America the Apologetic


There was a time not long ago when America would unapologetically assert that its culture, born from Enlightenment-era ideals that strove to honor the Rule of Law and individual liberty, was innately superior in the morals which it represented. It is difficult to deny the increasing degradation of that certainty over the years. Perhaps it is a function of a sense of guilt from the nations’ involvement in many morally nebulous wars, or a subliminal understanding that the freedoms from which America has derived its moral standing have long eroded, but regardless, there is a rising trend of addressing both internal and international criticisms of everything from human rights violations to environmental and economic policies in relativistic, rather than absolute, terms.

Institution after institution successively crumble under the weight of frivolous charges. Harvard University was reported by Katherine Timpf of National Review yesterday to have ceased the purchase of water dispensing units from SodaStream, on account of the companies’ Israeli address. It was considered that having to see the company name of a business entity based in Israel would constitute a “microaggression” to Palestinian students. Ironically, this seemingly sensitive decision came from an administration whose president defended the right to free expression of a student cultural studies club who had planned to stage a Black Mass this past May.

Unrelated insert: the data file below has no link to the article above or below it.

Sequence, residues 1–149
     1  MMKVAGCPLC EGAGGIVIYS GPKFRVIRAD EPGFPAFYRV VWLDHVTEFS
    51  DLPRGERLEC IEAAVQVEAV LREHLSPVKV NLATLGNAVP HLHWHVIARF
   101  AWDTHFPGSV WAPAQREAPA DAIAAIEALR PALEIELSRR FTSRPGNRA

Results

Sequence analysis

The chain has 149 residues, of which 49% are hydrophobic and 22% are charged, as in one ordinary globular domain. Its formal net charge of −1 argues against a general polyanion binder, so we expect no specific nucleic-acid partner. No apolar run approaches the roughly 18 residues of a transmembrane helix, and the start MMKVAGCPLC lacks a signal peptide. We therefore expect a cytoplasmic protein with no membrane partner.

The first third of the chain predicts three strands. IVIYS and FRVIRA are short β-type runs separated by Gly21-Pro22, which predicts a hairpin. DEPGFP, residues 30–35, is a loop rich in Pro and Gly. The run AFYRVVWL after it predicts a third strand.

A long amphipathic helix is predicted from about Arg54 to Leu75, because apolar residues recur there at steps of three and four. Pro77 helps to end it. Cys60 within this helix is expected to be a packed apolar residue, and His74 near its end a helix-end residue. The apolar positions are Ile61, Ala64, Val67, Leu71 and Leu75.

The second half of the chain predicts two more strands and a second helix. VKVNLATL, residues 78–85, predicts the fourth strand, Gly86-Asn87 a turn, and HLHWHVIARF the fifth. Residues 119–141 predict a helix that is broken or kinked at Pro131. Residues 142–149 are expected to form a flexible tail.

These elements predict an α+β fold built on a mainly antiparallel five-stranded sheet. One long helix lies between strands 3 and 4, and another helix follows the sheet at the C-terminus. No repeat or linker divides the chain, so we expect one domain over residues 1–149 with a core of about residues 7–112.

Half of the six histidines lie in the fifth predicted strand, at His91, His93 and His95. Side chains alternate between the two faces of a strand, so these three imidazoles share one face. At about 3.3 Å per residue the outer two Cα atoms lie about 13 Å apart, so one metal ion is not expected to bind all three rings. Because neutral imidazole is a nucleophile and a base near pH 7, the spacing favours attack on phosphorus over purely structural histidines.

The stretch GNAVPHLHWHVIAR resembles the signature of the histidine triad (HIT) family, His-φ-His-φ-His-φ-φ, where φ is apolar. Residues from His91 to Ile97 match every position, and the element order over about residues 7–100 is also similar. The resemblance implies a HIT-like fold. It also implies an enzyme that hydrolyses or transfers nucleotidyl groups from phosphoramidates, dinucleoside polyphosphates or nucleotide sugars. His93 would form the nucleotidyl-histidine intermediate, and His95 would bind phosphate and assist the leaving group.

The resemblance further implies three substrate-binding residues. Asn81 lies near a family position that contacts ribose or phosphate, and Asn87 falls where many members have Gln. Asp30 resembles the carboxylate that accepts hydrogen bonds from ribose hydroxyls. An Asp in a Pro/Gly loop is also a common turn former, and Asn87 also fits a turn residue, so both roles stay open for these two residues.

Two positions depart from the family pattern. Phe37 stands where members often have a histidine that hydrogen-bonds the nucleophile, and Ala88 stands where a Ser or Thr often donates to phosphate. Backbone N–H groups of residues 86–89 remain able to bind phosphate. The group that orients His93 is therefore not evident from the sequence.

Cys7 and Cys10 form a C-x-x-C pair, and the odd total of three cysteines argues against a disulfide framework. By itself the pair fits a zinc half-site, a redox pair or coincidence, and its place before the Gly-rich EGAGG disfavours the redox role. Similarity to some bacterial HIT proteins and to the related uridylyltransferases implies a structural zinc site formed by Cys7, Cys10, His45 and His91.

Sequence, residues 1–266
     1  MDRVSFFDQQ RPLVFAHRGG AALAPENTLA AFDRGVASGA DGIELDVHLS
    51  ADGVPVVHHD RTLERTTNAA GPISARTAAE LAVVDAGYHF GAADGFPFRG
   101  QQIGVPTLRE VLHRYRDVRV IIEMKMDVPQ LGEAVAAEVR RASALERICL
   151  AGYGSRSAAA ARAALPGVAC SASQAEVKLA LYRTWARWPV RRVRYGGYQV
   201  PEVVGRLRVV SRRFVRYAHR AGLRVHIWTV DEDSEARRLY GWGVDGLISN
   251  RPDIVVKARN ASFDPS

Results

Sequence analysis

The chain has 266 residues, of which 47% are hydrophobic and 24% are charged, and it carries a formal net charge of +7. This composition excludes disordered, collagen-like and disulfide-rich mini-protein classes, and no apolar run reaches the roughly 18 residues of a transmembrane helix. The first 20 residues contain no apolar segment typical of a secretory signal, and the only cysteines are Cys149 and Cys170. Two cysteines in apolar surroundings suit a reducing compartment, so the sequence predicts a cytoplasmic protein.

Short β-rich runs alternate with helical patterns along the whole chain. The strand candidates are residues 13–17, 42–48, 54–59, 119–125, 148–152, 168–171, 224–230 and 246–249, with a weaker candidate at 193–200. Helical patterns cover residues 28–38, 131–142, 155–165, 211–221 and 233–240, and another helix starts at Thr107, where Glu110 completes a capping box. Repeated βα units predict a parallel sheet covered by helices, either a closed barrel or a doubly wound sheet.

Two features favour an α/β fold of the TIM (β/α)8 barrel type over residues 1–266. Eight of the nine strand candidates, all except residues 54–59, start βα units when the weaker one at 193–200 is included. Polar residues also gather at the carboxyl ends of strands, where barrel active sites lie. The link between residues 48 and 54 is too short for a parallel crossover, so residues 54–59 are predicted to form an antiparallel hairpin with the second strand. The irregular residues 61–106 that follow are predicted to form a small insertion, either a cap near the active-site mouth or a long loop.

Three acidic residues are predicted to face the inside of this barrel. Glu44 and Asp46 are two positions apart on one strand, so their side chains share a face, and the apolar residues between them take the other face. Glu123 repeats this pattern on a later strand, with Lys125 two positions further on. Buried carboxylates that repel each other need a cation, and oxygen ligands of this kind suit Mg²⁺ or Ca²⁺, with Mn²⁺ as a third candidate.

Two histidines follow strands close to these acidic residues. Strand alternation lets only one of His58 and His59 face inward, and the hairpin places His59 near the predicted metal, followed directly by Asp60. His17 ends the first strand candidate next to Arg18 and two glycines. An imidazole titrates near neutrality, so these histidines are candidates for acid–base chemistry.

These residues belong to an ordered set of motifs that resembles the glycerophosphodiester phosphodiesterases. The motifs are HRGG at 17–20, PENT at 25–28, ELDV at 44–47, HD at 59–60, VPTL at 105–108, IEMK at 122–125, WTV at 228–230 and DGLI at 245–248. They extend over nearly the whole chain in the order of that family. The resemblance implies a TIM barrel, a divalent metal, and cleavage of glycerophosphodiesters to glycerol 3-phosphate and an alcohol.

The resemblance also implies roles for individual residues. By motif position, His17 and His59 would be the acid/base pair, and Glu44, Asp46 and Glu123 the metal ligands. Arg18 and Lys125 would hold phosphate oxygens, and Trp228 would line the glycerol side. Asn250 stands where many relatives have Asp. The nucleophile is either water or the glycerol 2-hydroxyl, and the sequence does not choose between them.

Harvard President Drew Faust did certainly hedge her bets by condemning the Satanist event as being an intentional mockery of Catholicism, though she fell short of taking decisive action to prevent its’ occurrence. In the new America, tradition is suspicious for its relationship to privilege. In the new America, people who search for offense in the manufacture of a water bubbler have more right to institutional support than others who face open mockery for their beliefs. Familiarity with progressive politics tends to lead one to assume that the primary prioritization criteria for the validation of offense is an algorithm which removes points for whiteness, maleness, and being overly American.

In further American apologia, Paramount Pictures intervened to revoke the rebroadcast license of its motion picture property Team America: World Police, to thwart theaters whom had defiantly planned to show the movie in place of Sony Picture’s pulled film, The Interview. The act comes as a transparent defensive preemption in the wake of North Korea’s alleged cyber attack on Sony for their film’s satirical treatment of the isolated and authoritarian rogue state. White House Press Secretary Josh Earnest took to the cameras to issue a denial of certainty that North Korea was responsible, likely in an attempt to reduce calls for the White House to address the issue.

Advocates of American militarism would like to characterize these events as weak, but strength does not require armed conflict to be projected. Culture has its own strength, which is largely derivative of its relationship to absolute truth, rather than relative. America wastes its time and energy catering to the demands of every self-aggrieved party, when the nation’s reaction in days past would have been to assert its belief in free speech and re-assign responsibility for being offended by satire and water machines back to the professionally aggrieved.

Opinion by Brian Whittemore


National Review

WCVB 5 Boston

Photo by Joe Goldberg – flickr License

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